There's a new report that Motorola is bringing its brand new Moto 360 into China. That wouldn't be striking news for any other country, but this is actually the first device using Android Wear that will be available in China, despite the wearable platform being over a year old. Here's a little background story: China is becoming one of the most important markets, actually, there are a lot of Chinese manufacturers that are making Android products that are innovative and well-designed altogether, let's not forget that Lenovo (a Chinese company) owns Motorola now. The difference with the ones from the rest of the world is that there have not been any Google services like the Play Store or Google Now in that particular country since 2010, when they were removed over security and censorship concerns. While moving some apps into the Play Store gives the operating system a little more consistency, it makes it hard for some apps to get updated.
Android has always been open source, allowing anyone to modify it, but Android Wear was created differently, it has been locked down so that any smartwatch that uses it looks and works more or less the same. Even if manufacturers are able to upload their apps freely into these devices, they can't customize the looks of the platform as much as the one used in smartphones. The reason that they created it like this seems to be that it's still a very new platform, so if a radical change that makes it work better comes, they want to be able to update it as fast as they can.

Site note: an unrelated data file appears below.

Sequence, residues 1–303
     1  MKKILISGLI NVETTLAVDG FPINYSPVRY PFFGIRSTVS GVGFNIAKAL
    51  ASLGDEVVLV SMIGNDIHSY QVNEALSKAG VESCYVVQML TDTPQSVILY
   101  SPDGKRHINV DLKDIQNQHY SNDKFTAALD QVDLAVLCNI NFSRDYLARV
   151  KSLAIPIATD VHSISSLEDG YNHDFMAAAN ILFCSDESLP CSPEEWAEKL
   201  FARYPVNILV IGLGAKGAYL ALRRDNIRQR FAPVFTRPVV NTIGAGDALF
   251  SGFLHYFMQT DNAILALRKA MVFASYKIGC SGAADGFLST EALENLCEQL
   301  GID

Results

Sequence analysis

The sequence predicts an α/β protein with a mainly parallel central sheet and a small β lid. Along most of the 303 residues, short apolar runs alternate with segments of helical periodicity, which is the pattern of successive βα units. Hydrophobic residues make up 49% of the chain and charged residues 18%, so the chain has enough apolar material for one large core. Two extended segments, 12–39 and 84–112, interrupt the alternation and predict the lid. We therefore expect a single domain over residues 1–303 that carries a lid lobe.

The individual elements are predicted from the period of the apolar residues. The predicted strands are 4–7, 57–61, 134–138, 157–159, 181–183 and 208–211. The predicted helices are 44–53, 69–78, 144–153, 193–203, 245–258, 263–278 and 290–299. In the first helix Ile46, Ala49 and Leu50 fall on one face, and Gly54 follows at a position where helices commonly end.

So how will the Moto 360 work without these seemingly essential services? Well, Motorola has partnered with the Chinese company Mobvoi to handle voice recognition to dictate messages, search and other actions instead of relying on Google Now's service. Instead of saying "OK Google" and start speaking to the smartwatch, Chinese users will say "Ni hao Android", which translates as "Hello Android" to trigger that functionality. Sogou, another Chinese company will take care of localization services and map services and the apps will be handled by third-party app stores, where Chinese developers will be able to upload their apps.
The future of the Google services in China is still uncertain, but the company must certainly be interested in bringing at least the Play Store into that country, seeing how Apple's app store has been very successful. They would have to modify some aspects, but eventually those services could return into this country. Otherwise, some companies might look into other solutions like creating their own operating systems, at least for wearable devices, in order to sell them in that rapidly growing market.